Your friendly neighborhood "Transportation Cycling" blog.
Beautiful city with interesting bike and pedestrian infrastructure. And it's remarkably FLAT! :)
Restricting use of cars in the city center takes a lot of political strongarming. Old Market, downtown Benson, downtown Dundee would be great places to restrict through traffic to certain hours. South O has reworked 24th St. I went there a couple evenings this summer and what they have is a auto cruise night developing. That is retro to 50's and 60's, not pedestrian centered and future looking. No bike lanes either.Omaha is fortunate to have private money ($600K) from Kewit and an anonymous donor for bike lanes. But the bike lane specifications haven't been given priority over other work, so the Benson route didn't get done this Fall as announced. If the city wants to become bicycle friendly, it has to make the tuff decisions, giving bike lanes priority over other projects, in order to make it happen. Talk is easy, let's follow up the talk with decisions that result in on-the-street action.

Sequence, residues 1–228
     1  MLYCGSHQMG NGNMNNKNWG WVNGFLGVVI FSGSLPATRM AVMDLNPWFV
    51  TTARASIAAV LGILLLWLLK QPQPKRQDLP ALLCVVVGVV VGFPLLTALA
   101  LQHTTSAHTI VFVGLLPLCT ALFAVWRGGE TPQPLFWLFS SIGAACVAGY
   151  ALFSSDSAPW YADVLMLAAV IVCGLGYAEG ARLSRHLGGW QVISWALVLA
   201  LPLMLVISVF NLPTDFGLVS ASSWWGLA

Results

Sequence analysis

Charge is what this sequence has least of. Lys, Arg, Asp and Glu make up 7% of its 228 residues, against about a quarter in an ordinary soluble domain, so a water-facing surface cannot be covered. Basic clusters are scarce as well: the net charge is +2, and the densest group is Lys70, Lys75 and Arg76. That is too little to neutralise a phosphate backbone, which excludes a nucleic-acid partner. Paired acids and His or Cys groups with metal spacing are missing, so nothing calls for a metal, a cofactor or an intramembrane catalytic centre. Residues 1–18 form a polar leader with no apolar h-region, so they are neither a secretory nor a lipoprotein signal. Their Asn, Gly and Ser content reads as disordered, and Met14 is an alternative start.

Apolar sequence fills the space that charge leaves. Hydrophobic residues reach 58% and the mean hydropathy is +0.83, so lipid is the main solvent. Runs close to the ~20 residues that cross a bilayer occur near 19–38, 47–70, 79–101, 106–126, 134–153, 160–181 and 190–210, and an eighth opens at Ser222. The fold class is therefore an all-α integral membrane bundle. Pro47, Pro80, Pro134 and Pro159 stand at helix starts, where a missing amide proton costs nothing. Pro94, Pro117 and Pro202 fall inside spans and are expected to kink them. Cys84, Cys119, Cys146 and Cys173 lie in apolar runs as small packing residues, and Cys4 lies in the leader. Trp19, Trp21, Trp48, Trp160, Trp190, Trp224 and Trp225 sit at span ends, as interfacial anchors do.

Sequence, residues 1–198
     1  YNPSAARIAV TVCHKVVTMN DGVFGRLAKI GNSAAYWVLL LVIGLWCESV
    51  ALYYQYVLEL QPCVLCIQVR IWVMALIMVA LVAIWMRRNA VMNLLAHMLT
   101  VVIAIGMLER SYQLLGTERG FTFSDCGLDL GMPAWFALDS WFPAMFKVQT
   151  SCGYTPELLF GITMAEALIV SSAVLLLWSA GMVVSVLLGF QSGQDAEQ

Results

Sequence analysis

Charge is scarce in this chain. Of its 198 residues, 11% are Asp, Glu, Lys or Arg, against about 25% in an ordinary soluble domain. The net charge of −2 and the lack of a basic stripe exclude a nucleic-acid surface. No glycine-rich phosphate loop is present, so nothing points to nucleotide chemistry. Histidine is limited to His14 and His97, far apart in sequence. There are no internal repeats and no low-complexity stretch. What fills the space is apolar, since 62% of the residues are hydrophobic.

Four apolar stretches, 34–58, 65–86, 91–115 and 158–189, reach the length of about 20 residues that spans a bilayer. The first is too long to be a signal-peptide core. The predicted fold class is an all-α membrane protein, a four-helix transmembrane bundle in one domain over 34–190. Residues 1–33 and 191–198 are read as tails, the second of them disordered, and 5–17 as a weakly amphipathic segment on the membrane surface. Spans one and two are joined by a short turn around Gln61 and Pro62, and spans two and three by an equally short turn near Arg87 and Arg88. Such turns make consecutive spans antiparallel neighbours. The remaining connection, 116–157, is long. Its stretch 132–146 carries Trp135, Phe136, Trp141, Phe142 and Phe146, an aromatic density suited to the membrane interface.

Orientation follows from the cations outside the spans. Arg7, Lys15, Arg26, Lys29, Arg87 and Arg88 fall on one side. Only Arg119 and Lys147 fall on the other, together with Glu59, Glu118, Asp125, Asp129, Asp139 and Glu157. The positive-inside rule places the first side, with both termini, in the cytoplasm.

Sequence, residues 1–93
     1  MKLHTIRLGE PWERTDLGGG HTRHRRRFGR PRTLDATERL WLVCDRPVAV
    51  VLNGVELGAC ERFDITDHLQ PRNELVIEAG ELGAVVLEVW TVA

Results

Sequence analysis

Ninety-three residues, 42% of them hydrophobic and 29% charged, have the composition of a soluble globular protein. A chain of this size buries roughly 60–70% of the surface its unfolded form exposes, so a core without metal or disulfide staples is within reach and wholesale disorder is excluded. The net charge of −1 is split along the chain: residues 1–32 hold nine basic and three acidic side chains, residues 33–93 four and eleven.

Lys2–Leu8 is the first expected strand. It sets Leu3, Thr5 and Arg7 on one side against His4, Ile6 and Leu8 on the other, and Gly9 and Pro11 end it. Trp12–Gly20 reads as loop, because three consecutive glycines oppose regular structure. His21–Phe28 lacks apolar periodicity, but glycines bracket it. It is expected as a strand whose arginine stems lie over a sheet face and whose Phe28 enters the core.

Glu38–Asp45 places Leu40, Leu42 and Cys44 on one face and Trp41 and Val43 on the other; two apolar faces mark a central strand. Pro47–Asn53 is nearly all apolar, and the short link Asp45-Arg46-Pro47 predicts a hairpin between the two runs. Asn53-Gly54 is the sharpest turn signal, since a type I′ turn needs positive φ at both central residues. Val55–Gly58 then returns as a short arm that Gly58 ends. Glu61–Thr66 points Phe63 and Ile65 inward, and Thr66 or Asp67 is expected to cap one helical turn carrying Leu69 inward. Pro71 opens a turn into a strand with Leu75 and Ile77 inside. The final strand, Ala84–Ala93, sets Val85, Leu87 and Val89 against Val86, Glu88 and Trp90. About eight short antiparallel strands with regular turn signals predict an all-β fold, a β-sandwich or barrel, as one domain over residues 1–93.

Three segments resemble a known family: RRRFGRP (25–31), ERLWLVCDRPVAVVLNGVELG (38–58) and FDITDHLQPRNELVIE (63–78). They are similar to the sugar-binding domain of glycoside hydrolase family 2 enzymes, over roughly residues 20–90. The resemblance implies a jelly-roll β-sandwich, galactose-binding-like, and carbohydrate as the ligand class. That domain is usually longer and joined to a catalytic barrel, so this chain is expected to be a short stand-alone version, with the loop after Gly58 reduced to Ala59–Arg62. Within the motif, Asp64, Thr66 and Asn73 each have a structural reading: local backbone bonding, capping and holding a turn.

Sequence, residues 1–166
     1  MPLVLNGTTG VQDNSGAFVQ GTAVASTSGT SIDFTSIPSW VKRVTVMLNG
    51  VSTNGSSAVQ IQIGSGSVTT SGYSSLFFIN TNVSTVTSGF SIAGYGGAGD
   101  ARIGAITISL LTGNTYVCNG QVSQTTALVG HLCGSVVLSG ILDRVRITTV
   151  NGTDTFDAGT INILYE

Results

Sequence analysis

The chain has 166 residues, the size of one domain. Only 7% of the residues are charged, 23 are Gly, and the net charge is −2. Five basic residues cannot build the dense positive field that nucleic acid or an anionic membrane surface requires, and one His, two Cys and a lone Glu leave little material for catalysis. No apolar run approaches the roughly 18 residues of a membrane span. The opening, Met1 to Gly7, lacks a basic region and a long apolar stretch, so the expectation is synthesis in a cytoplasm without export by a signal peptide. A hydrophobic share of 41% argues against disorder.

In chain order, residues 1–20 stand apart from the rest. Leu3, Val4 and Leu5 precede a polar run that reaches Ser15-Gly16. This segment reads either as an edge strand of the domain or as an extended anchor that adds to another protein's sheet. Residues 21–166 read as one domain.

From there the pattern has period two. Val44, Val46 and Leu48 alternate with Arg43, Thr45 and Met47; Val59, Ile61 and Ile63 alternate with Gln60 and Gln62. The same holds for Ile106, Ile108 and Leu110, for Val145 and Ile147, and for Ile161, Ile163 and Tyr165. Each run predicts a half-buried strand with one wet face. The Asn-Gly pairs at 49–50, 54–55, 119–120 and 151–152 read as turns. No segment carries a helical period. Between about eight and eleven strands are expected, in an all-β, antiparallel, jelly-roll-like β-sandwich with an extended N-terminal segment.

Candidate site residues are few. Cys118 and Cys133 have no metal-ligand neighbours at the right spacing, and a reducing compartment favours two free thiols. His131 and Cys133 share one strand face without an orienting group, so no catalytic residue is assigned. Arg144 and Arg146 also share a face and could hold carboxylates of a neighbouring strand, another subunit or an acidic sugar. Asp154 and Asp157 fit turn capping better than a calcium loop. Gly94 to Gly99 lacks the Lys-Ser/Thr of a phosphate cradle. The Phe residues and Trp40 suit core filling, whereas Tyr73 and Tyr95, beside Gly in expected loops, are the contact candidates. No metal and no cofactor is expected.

Thanks for featuring my video. You'll perhaps find the accompanying blog post interesting as it shows some before and after photos and includes costings for the work.Scott: The bike is a Sinner Mango velomobile.Yes, it is quite flat here. However, that's not true of all of the Netherlands. While the capital of the hilliest province has a low cycling rate by Dutch standards, it's still ahead of most cities elsewhere.
David, You've done an excellent job of showing off the bicycle/pedestrian infrastructure in the Netherlands. It's nice to see what is possible. Thank you for sharing.
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